Denial: Refusing to admit to oneself that one’s belief is actually gone, and trying really hard to believe again. I’ve read stories of people praying harder than ever at this point, trying desperately to get back that warm comfy feeling of complete reliance on a god, or begging for just some sign from god that he’s not fictional. I’ve read about people plunging ever more deeply into apologetics than ever at this point, hoping that in arguing for the truth of their faith, that they will be able to convince themselves. I’ve seen internet commenters who appeared to be complete godbots come back later and apologize, saying that they were overcompensating for their own waning faith.

    Resentment: Recent de-converts are often furious at having been taken in by the scam. They resent the amount of time and energy and money they devoted to it. They resent how religion messed up their relationships, or spoiled their education, or ruined their self-esteem. is full of people at this stage, venting out all their anger over this sort of thing. (Kind of like Sally Brown hollering a Linus after she found out she missed trick-or-treat by sitting with him in the pumpkin patch.)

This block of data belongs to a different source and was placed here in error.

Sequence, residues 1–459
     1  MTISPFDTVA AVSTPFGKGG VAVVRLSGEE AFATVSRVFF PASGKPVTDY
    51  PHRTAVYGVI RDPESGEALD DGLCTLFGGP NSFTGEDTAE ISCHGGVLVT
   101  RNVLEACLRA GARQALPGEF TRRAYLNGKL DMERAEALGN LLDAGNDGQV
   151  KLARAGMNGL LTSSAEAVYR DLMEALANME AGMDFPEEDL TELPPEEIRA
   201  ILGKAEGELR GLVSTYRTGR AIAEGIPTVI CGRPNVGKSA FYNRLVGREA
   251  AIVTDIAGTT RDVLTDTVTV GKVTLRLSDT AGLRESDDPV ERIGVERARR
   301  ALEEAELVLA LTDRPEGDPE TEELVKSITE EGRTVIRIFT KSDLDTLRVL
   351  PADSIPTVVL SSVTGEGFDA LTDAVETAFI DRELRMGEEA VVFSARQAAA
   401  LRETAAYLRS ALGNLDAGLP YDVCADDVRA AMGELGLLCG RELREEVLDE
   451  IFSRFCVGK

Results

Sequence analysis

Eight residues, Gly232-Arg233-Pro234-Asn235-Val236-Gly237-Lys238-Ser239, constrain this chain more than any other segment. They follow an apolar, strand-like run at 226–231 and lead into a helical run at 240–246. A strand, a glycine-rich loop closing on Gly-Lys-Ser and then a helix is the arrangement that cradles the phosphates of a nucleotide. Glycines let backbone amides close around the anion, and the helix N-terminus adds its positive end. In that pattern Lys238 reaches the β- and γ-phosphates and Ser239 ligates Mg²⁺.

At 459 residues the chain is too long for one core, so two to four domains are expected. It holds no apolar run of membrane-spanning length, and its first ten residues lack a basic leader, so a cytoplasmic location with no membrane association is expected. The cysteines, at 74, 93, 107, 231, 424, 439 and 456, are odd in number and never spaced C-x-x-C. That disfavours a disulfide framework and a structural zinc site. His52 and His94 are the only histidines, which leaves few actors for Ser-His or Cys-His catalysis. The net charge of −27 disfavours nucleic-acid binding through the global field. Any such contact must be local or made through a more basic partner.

I’m sure there are others, this is just what comes to mind right now.

  2. I recognize all of these in me, at one point or another, and many concurrently. I have learned and am still learning how to acknowledge that my view is not the only one out there. Good post.

  3. What I find is that Religion is perfectly rational.
    It is rational for thinking animals^h^h^hbeings to look for patterns and explainations in the world around them. For civilisation to occur, thinking beings must establish protocols of acceptable, or more correctly speaking, expected, behaviour.
    :. when civilisation does occur in some form I find it entirely rational that those beings would imprint themselves on the image of the larger universe, as this reflects the herd social instincts of their is a greater authority and it says I’m accepted and through that authority I have recognition and peerage in the order.
    This is pretty much explain why they kill each other over it too. It’s not just a battle of resources, or who has what book. It’s the fundamental herd mentality that sets the underlying value system for their entire being and self worth – in a sense to give alternatives to that greater being and the protocols that go with is to attack the very order of their society, and worse the validity of that authority which creates their self worth and their entire ordering of the universe. It would take a very grown mind to be able to stand alone through that.

    That’s why I try to shake those who are looking, to show them that “God” isn’t in religion, religion is a human invention, a brand. What most people call “God” is just a reflection of themselves and their needs.